It used to be received wisdom that ‘a good product speaks for itself’. You don’t hear that so much nowadays. Why? Because the product alone contributes a diminishing proportion of the overall lifetime value from each customer.
It certainly helps to have a great product at the heart of your proposition. What I’m saying is that this can only account for so much of the value that a customer perceives and is willing to keep paying for. The rest is ‘service’.
Deciding to differentiate your offer in terms of service is by no means straightforward. It invariably requires cultural change as well as an organizational evolution.
But in many instances, businesses can gain faster market traction – and make more of a difference to customers – focusing at least as much on the service route as by trying to create a unique product.
Service enables distinctiveness and authenticity
And speaking of unique products – aren’t these becoming as rare and elusive as the proverbial unicorn? Do any of them get their uniqueness from an inherent aspect of product design or capability? Think about it. It seems far more likely they will have achieved differentiation via the distinctive value or ‘personality’ of their service experience.
What’s more, service is what brings customers coming back – increasing their LTV. The Pareto Principle, where 80% of future revenue is anticipated to come from 20% of your current customers, can’t entirely hinge on getting your product honed to perfection.
This is skewing further toward ‘service’ as consumers deepen their engagement with the growing subscription economy where everything is a constant experience and providers’ products are constantly updated.
This happens regardless of whether or not your product is offered on a subscription basis, by the way. Welcome to Digitalizationville where even car manufacturers (e.g. Tesla) provide regular over-the-air updates that enhance product features and functionality – all as part of the service. This is what customers increasingly expect.
But think about this for a moment.
It means that the actual, physical product you buy is now capable of doing things it couldn’t do a moment ago. That’s actually quite an incredible leap.
Your car can go faster, or be more efficient. Your phone can measure distances or understand new languages. The product you buy today can morph and adapt over time to bring you a better experience.
Customers love the sound of Sonos
There are plenty more examples where businesses have grasped the opportunity to deliver an experience rather than a commodity.
Take Sonos, who have succeeded in capturing significant global market share and a great reputation through an awesome combination of product and service.
Sonos is the wireless home audio product that gives users great flexibility and control over listening to their media, at very high quality.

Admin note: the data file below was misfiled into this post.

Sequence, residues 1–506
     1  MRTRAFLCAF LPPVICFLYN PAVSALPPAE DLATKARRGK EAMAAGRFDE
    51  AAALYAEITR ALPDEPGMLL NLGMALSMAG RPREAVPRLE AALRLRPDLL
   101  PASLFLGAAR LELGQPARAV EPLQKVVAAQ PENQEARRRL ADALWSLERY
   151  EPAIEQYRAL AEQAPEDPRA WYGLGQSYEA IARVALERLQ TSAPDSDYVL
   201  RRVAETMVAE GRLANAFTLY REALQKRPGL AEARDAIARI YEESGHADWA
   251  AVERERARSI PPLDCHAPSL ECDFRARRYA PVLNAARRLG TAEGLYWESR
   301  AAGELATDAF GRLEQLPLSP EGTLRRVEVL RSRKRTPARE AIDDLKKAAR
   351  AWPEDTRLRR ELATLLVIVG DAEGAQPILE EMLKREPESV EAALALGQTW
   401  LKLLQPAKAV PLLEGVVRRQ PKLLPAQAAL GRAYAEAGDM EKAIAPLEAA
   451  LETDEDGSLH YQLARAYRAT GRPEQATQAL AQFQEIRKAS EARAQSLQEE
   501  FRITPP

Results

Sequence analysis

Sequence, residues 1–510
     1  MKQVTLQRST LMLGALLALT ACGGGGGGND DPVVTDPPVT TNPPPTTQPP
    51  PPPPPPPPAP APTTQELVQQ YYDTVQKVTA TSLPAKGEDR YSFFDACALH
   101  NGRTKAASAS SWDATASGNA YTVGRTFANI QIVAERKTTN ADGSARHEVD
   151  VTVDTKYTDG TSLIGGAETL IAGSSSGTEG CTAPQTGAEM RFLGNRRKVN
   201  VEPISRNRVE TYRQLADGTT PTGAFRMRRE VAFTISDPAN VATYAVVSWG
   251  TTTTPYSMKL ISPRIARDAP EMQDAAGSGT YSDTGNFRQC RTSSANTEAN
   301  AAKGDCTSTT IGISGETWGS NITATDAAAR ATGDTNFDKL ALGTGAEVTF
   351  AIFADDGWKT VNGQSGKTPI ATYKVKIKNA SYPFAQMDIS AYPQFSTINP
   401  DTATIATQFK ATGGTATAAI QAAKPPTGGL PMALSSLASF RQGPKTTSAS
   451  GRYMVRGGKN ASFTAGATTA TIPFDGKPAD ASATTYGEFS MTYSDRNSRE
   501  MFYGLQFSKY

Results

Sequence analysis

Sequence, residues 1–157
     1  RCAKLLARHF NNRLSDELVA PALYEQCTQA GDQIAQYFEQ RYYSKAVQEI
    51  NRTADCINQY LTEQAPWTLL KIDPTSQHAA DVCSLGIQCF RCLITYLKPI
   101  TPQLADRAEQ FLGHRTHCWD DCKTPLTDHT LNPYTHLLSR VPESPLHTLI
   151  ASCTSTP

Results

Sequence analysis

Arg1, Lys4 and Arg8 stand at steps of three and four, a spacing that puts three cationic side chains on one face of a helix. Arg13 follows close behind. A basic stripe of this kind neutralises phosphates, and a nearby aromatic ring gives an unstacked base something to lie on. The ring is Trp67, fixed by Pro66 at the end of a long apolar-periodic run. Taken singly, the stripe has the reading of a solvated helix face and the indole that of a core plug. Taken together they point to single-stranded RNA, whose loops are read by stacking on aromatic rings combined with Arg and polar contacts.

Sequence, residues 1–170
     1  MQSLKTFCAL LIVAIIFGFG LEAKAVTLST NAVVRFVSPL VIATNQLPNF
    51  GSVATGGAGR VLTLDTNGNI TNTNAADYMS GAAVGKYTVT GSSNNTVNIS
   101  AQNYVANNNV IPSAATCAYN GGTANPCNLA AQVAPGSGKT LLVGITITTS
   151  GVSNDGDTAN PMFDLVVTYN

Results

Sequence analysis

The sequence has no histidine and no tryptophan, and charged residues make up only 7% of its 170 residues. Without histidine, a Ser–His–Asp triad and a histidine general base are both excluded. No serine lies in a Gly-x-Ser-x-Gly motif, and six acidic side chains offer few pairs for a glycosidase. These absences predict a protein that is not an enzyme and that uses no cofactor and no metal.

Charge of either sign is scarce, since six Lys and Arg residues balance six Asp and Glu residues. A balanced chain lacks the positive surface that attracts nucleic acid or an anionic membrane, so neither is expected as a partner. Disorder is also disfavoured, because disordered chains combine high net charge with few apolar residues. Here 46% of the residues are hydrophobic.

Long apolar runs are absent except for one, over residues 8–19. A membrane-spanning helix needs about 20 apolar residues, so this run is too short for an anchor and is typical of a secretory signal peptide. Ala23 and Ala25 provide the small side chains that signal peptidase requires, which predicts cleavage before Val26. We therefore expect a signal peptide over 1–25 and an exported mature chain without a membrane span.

But the product is only half the story. Whether you’re visiting one of its boutique, experiential stores, cruising the website or phoning up its award-winning tech support, Sonos is extremely focused on maximizing the customer experience.
The accent is on wanting to help customers get the very most out of their Sonos purchases, rather than nakedly trying to make more sales.
Customers love the Sonos product, and that counts for a lot in terms of the overall value mix. But as the graphic below illustrates, throughout the customer lifecycle – trying out, buying, getting used to how it works, living with it for potentially years, and then looking to replace – service plays an increasingly dominant role. The product is not just physical – it is a blend of the physical unit with the Sonos app, the Sonos Alexa skill, future updates and usability, the support and the service all rolled into one.
Service is the competitive edge
What Sonos as an organization completely understands is that, as much as its product is innovative and high quality, other consumer electronics offerings out there deliver much the same functionality.
That’s why they set about slaying the competition on customer experience; not just delivering exceptional standards of service but setting the right tone in how they engage with and support the customer throughout their lifecycle.
Crucially, Sonos is able to cultivate and increase the yield of its service delivery by using it to drive business intelligence that feed improvements back into the customer experience.
In other words, while the product itself contributes a fairly static and predictable level of value, the way that Sonos (and others) uses its customer service/support delivers two streams of fluctuating value: one that seeks to address and anticipate customer questions and requirements – thereby delivering high levels of satisfaction – and another that collects and analyzes real-time feedback so that the business learns how to improve its product and service proposition – thereby safeguarding additional LTV.
If you want more feedback on how your service organization is doing, in an increasingly LTV-driven world, give Customer Thermometer a spin for free.
We’re the service feedback experts; actionable customer insight, in just one click.